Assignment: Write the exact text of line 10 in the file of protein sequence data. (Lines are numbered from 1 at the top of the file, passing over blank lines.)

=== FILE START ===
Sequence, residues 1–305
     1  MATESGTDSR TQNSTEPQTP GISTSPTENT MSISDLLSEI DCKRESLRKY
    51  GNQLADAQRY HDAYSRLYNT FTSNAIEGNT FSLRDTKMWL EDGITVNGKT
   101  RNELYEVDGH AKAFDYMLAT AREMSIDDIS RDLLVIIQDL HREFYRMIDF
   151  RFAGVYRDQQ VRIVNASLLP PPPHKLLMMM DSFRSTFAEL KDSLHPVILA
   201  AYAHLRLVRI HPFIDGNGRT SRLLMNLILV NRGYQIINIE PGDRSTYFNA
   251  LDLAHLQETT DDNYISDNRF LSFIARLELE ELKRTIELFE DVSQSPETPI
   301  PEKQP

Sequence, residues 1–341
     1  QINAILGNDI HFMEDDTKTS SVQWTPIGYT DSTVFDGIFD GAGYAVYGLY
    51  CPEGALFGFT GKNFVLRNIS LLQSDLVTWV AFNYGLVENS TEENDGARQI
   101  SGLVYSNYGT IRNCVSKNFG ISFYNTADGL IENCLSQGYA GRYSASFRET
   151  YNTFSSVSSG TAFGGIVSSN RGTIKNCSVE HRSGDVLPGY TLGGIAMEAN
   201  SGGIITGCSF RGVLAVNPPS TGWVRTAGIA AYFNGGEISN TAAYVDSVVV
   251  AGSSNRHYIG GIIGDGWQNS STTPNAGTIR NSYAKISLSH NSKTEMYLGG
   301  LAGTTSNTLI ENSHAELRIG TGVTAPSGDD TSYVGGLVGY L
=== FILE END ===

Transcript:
     1  QINAILGNDI HFMEDDTKTS SVQWTPIGYT DSTVFDGIFD GAGYAVYGLY